MATTHEW PLACE

Note: This is a preview of an event John Cameron Mitchell is doing down in Portland. So if you feel like heading south to see a show…


"My joke was I used to be a tour de force. Now I’m forced to tour,” says John Cameron Mitchell—best known as the writer, director, and star of Hedwig and the Angry Inch—over a murky phone connection. It sounds a little like he’s in the bath. He seems relaxed and congenial. It sort of feels like I’m talking to an old Hollywood star. His manners are exemplary, but he’s also down-to-earth and ready to discuss everything from Shortbus (a heartfelt, sex-positive indie mission-statement film Mitchell directed in 2006) to his mother’s mounting medical bills which have pressed him into ceaseless work.

“It’s a great privilege to do these concerts,” he says. “But these last few years have just been nonstop raising money for her care. I’m actually with her right now and she’s happy. I just want to keep her happy and cared for, but the amount of money needed for that, in this country, has kind of crippled me.”

Earlier this year, Mitchell toured Australia with a Hedwig live show, which he describes as “a massive project with wigs, makeup people, hair people, tour band members, managers—you know what I mean.” In Portland, for a one-off appearance, he’s planning on doing something a little more intimate, a “quick fun thing” at Revolution Hall.

“I mean it’ll be a long fun thing.” Mitchell says. “It’s two movies and some songs.” He and the audience will watch two of his films back-to-back (Hedwig and the film he directed earlier this year, How to Talk to Girls at Parties) and Mitchell will provide a “drunk director’s commentary.”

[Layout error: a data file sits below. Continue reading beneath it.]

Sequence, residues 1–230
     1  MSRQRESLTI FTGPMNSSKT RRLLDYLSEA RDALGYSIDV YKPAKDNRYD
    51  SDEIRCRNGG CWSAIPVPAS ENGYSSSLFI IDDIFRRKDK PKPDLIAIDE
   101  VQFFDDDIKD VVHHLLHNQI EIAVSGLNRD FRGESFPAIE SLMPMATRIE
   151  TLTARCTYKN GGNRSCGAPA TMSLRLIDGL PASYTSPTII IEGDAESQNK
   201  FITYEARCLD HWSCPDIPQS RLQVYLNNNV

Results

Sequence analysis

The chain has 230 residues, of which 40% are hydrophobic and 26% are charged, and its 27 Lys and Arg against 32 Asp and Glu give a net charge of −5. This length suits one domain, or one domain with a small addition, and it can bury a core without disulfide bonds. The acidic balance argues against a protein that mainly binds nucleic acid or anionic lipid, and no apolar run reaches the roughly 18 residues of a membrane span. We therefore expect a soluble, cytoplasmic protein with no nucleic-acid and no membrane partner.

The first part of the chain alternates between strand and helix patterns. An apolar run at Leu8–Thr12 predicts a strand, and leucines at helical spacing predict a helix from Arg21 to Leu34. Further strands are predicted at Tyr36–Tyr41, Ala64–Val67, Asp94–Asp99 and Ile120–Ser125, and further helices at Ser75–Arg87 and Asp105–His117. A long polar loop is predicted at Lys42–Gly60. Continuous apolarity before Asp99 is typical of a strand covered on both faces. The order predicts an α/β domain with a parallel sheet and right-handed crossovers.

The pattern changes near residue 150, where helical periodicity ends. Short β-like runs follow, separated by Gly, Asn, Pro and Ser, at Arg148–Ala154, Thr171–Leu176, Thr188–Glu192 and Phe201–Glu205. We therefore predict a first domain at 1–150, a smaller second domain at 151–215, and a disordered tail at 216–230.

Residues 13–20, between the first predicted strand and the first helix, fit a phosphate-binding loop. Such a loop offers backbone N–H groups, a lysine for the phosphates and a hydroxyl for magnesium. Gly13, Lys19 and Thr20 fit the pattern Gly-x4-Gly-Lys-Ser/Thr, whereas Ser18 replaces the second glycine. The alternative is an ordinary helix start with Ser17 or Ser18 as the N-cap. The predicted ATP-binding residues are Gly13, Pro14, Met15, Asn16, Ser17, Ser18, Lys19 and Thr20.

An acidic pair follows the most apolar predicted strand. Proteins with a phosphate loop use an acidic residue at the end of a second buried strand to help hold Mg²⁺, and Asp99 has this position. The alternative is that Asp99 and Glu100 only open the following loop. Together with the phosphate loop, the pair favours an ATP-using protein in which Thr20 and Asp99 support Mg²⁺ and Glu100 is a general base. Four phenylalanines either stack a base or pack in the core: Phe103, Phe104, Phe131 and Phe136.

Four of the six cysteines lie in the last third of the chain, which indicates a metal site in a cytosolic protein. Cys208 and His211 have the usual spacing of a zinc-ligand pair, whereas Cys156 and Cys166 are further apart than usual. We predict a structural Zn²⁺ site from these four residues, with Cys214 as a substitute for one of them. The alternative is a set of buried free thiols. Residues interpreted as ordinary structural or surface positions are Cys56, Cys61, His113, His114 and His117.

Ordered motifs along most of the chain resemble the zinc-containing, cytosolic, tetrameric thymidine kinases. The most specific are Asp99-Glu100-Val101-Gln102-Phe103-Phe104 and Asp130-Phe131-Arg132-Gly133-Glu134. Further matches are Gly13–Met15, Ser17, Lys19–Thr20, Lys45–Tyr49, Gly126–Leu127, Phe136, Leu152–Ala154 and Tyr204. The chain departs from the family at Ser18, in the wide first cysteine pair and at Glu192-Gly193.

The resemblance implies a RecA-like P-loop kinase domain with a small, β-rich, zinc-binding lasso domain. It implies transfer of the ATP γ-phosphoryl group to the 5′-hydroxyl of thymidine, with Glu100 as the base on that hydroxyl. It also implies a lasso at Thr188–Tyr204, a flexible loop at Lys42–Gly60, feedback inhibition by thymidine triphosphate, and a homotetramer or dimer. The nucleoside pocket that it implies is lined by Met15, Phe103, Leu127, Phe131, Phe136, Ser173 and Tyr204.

If he’s read the negative review I gave How to Talk to Girls, he doesn’t mention it (manners!) and despite disliking that film, I would love to gain some clarity on the choices behind casting Nicole Kidman as a punk. Also, Hedwig and Shortbus were so influential for me that I will probably be interested in whatever Mitchell does for years to come—especially if what he does involves him “having a nice bottle of Barolo next to the screen telling stories. Turning the sound down and turning it up and just having a hoot along the way.”

“In effect, the Revolution Hall show is kind of a wrap party” he says, referencing the Hulu TV show he’s been acting on, Shrill—a comedy series based on Lindy West’s book partially about her experiences working at The Stranger. “I play Gabe, the boss.” Mitchell explains. (Me: “So you’re playing Dan Savage?” Mitchell: “No.”)

“It’s more inspired by the book than a direct translation. My character is a former grunge record label guy who used to be in bands and is always ranting that the ’90s was better than today.” (Me: “So you’re playing Sean Nelson?” Mitchell: “No.”)

“I actually got to write my own character. I didn’t write the dialogue, but the writers quizzed me about his background. I think he might have had a Kill Rock Stars kind of label. Maybe he sold out. He’s the editor of the Weekly Thorn now. There’s a certain unease. His mantra is, ‘Question authority but don’t question me.’”

One more cool thing: Mitchell will also, at intermission, sing a few songs from his upcoming anthology podcast Anthem: Homunculus, accompanied by the guitarist from Hedwig, Ted Liscinski. Mitchell says that Homunculus is loosely based on his life. “It’s about a guy doing a telethon on his phone because he has a tumor and he’s out of insurance.” No word yet on when Homunculus will hit podcast airwaves, but Mitchell assures me it will be sometime next year. recommended